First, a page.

• Hostafan1Hostafan1 Posts: 29,951
    KT53 said:
    Hostafan1 said:
    Just back from hospital

    They wanted to move G to a care home where I'd not be allowed to visit for 14 days. 

    As he's not likely to live for much longer, if at all. I've agreed / been forced, to have him home again.

    The nearest alternative bed is in Bristol which is only 125 miles away.

    They can set up a "care package " with home visits: they take 4 weeks to set up. !

    I don't know the medical situation, and it's none of my business, but would he be able to get support from MacMillan ?
    He has 8 inoperable tumors
    Devon.
  • FireFire LondonPosts: 11,607
    Hostafan1 said:
    Fire said:
    @Hostafan1 are there no hospice possibilities?
    He's not near enough death to be given a bed

    I'm sorry about that. Our local hospices offer respite care as well as very end of life.
  • didywdidyw East SuffolkPosts: 1,024
    The whole system is completely broken.  It will take a lot of money and the political will to fix it.  This can only be done through raising taxes, stopping wasting money on vanity projects, paying consultants etc etc.  NI came adrift from funding care ages ago and increasing that will hit the lowest paid disproportionately.  Raise the higher rate of tax, close tax avoidance loopholes, get the likes of Amazon, Google & Starbucks to pay tax on UK earnings, put a cap on rents landlords can charge, encourage (and fund) local councils to compulsory purchase empty houses and build more social housing.  Stop overseas owners owning more than one property in this country.
  • Lizzie27Lizzie27 Bath, SomersetPosts: 8,213
    I just can't see what the objection is to selling your house to fund your care home stay, although admittedly it's more difficult if it's one half of a couple. It is possible in that scenario to have the costs taken out of the house value when the survivor dies.  It's what we plan to do, if you can't live in it, why not sell it? As for leaving it to the children, yes I'd be sad if I couldn't but tough, life isn't fair and they'll just have to lump it.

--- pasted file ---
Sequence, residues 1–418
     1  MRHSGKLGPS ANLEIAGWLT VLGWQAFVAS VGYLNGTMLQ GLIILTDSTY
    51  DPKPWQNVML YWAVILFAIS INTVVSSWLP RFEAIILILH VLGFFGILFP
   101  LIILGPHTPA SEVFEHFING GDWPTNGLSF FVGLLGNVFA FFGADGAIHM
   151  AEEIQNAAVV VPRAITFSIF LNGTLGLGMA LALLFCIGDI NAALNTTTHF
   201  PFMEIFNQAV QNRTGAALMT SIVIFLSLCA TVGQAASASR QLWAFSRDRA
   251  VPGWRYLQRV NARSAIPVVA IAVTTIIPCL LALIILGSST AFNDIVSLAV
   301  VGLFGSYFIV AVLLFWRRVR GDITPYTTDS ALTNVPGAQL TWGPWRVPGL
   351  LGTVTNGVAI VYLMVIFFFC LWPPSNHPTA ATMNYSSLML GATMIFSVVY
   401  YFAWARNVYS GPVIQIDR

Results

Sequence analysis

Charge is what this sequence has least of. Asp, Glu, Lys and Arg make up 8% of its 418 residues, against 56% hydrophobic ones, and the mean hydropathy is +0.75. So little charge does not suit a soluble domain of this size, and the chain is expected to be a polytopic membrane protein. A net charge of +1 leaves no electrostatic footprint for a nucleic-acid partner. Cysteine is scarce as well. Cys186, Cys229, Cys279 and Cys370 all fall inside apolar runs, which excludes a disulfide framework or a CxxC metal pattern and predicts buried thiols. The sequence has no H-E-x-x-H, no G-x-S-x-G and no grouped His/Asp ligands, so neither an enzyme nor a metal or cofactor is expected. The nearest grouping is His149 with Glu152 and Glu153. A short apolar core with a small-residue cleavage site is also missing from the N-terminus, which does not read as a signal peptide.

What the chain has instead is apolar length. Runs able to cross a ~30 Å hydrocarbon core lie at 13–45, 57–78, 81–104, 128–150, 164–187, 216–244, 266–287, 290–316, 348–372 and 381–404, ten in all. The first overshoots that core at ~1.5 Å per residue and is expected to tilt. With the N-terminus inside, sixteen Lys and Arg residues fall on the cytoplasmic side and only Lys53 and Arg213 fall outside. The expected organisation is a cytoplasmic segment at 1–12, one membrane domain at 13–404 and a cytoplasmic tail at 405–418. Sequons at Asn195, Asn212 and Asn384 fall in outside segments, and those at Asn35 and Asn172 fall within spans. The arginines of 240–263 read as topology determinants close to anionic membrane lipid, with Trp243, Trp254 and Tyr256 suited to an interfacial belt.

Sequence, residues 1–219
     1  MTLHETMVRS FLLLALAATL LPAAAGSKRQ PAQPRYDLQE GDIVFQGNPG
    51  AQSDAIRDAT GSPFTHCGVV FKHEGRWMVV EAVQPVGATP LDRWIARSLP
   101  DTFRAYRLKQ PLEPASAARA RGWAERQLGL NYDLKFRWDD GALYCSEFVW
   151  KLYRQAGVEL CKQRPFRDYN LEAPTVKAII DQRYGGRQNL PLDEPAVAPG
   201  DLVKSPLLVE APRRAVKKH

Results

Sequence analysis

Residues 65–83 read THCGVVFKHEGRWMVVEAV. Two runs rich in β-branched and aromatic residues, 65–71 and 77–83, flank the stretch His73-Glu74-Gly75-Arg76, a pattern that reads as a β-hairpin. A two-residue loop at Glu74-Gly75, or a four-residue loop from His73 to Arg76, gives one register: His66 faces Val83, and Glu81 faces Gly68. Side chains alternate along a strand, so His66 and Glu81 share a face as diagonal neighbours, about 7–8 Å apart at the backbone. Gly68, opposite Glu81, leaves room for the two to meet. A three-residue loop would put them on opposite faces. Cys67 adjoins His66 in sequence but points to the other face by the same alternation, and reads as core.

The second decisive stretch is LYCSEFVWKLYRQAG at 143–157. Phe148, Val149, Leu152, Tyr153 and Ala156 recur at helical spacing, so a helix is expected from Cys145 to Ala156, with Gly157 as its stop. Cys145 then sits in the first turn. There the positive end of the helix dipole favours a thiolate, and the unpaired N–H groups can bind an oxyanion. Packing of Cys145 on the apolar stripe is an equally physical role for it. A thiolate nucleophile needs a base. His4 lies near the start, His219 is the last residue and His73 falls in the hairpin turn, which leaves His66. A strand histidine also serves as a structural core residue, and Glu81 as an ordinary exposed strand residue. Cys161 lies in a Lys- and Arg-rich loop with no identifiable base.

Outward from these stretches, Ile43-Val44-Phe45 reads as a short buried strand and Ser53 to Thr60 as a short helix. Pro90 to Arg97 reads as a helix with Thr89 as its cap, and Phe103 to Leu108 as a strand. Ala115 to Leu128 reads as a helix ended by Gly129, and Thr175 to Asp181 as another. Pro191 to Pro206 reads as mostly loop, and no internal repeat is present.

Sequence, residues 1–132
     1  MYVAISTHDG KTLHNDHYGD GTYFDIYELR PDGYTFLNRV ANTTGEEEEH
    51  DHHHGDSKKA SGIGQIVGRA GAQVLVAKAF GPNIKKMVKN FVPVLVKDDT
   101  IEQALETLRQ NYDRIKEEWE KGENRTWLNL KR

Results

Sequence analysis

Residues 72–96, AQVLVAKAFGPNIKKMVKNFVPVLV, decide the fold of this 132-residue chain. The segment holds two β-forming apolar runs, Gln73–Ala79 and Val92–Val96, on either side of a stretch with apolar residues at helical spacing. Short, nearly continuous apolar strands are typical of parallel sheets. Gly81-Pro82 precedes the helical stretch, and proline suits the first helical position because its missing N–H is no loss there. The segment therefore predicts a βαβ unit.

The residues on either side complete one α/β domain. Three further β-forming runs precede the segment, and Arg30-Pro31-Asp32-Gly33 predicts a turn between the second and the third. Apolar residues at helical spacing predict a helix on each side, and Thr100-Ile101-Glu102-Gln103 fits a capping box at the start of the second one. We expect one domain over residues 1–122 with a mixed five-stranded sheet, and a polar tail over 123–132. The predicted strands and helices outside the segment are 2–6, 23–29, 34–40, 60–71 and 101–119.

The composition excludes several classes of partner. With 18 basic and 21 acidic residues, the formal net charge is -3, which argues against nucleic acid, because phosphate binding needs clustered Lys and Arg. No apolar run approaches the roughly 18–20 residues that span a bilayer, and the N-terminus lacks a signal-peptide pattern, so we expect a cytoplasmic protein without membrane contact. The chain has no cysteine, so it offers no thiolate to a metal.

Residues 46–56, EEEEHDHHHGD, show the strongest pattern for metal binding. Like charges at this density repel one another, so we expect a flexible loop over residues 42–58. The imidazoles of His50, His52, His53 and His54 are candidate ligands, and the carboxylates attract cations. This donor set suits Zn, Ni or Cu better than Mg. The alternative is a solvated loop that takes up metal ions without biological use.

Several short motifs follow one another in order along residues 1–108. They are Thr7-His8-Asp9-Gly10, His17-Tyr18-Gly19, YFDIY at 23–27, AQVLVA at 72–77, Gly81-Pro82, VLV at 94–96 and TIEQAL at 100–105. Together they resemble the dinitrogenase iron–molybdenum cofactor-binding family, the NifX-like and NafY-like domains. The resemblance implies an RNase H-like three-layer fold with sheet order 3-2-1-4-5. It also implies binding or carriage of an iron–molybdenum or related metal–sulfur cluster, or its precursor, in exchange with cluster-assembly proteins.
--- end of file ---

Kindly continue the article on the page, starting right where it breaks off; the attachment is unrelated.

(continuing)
I'm also quite willing to pay NI or another tax to fund social care, we have a big, big crisis in this country and something's got to be done right now. If it means I have to economise, so be it. I've done it before and can do it again. It might even do me good to give up these expensive meals out.
  • DovefromaboveDovefromabove Central Norfolk UKPosts: 73,808
    Selling our home to fund our care is one thing … but there’s a large proportion of our children’s generation who are not and may never be home owners.

     Unless we sort this out PDQ the time will soon come when very few elderly folk will be able to contribute to funding their own care … then the sh*t really will hit the fan re paying for the humane care the elderly infirm need. 
    “I am not lost, for I know where I am. But however, where I am may be lost.” Winnie the Pooh







  • FireFire LondonPosts: 11,607
    edited 6 September
    There is a huge wedge of people in the UK with no savings, pensions, owned home, inheritances coming, investments or any other assets. What they have to offer is debt, and they are going to be royally screwed in the not very distant future. They've lived all their lives hand to mouth (sometimes quite royally) and not given the future much thought. I have many friends in that camp. It's deeply worrying.